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Five Dominican University students are among a contingent of college students from across the country advocating in Washington, D.C. this week for Congressional action to protect the Deferred Action for Childhood Arrivals (DACA) program.

The students, invited by the bipartisan political organization, are speaking with members of Congress, congressional staff, lobbyists and the media between Nov. 15 and 17, urging the passage of federal legislation that will legalize protections for undocumented immigrants who came to the United States as children. Some students will be sharing personal stories about the challenges of being an undocumented youth and how they have benefited from DACA.

“I want to see actual change — for them to actually hear us out, listen to us, and follow through with what we expect of them,” said David Avila, a first-year student who moved to the U.S. at the age of four and is participating in this week’s advocacy.

“Right now, the courts have said DACA is an illegal program, but nothing is being done to legalize it,” added fellow student Tatiana Vasquez, who has lived in the U.S. since she was 11 months old. 

“If we didn’t have DACA, most of us wouldn’t be able to study or work in the places we call home,” she said.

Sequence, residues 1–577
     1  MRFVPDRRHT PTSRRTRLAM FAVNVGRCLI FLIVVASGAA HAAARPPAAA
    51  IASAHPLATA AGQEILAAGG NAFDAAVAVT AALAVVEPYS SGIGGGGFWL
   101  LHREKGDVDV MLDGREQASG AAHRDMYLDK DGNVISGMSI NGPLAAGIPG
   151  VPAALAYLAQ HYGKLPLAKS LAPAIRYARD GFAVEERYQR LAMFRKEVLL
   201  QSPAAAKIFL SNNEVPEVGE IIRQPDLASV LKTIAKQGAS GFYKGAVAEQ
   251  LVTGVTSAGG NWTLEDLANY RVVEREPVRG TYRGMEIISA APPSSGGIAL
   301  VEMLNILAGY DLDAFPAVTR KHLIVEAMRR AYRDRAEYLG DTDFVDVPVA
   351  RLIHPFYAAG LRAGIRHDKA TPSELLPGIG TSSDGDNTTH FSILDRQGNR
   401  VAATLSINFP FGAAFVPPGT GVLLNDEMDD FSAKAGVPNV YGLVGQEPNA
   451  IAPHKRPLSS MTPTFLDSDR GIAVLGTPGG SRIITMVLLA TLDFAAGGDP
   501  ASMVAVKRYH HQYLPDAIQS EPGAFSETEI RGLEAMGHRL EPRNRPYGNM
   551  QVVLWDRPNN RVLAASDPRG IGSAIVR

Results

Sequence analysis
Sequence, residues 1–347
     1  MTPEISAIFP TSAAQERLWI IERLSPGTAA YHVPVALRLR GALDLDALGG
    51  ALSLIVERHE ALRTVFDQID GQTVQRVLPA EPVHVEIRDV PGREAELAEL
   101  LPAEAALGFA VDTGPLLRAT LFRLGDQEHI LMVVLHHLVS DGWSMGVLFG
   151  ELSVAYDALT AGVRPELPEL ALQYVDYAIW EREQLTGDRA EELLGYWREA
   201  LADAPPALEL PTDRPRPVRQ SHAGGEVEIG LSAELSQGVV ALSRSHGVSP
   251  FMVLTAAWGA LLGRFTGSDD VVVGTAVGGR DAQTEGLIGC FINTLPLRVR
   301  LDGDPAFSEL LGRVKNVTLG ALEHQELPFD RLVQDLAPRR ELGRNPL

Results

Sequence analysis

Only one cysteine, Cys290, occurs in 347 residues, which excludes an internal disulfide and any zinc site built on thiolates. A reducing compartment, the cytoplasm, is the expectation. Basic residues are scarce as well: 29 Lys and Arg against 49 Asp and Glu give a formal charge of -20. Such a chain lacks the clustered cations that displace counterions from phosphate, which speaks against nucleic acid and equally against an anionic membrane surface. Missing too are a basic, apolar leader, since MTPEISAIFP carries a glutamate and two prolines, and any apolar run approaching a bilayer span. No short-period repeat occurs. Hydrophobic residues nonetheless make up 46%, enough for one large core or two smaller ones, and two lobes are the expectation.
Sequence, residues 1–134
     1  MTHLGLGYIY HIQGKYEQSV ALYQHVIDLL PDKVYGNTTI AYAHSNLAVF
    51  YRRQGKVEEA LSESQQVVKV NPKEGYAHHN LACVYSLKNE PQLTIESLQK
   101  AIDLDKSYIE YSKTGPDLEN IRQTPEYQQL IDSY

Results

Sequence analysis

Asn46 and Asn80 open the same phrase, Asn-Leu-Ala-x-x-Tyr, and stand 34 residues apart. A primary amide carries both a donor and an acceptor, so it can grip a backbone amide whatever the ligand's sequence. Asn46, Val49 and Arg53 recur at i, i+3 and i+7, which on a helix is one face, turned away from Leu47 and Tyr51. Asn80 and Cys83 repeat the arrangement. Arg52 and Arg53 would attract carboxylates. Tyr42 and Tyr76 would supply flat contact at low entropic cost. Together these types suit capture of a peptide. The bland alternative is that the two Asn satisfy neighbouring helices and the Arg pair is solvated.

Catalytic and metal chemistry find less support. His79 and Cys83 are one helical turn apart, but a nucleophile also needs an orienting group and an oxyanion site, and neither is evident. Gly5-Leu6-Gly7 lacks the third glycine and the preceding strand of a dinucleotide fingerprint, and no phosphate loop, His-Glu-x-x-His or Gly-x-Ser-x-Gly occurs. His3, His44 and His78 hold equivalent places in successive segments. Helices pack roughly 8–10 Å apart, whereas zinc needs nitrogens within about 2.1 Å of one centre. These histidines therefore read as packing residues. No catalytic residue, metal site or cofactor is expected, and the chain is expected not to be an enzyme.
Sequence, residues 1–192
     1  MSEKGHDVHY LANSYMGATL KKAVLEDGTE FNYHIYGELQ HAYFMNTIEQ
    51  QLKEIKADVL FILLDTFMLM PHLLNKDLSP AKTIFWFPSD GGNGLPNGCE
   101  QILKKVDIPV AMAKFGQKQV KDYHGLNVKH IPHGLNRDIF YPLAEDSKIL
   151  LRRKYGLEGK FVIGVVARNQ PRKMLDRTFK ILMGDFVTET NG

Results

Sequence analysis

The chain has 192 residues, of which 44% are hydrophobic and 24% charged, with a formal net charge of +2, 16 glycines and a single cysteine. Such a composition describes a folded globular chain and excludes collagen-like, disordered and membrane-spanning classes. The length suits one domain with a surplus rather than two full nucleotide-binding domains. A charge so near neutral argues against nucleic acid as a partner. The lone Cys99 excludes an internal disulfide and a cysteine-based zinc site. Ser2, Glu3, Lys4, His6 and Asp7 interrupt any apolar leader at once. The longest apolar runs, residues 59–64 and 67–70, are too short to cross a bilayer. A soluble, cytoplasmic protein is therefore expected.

On Oct. 5, the Fifth Circuit U.S. Court of Appeals upheld a lower court’s ruling that the DACA program is illegal, but those already enrolled in the program will be able to renew their status at this time. The federal appeals court sent the case back to the Texas District Court, which is tasked with considering a new regulation enacted by the Department of Homeland Security in August to preserve DACA for eligible noncitizens.

Proponents of DACA, like, believe the only way to enshrine protections and a path to citizenship for DACA-eligible individuals is for Congress to pass permanent legislation and make improvements to what is already in place. advocates for meaningful reforms in immigration and criminal justice. It organized this week’s “fly-in” and funded participants’ travel, lodging and food expenses.

Jacky Neri Arias, the director of Dominican’s Center for Cultural Liberation who helped students prepare for the trip, said she is proud of the brave journey they are undertaking.

“It’s a professional goal of mine to support undocumented students, but it’s also personal because I was once an undocumented college student myself,” Arias said. “It’s a moment of pride in my career to travel with the students and coach them to advocate for something that changed my life.”

Arias is also an advocate for immigrant student support at Dominican, including increased funding for student programs, legal counsel and emergency expenses for students who cannot work due to their immigration status.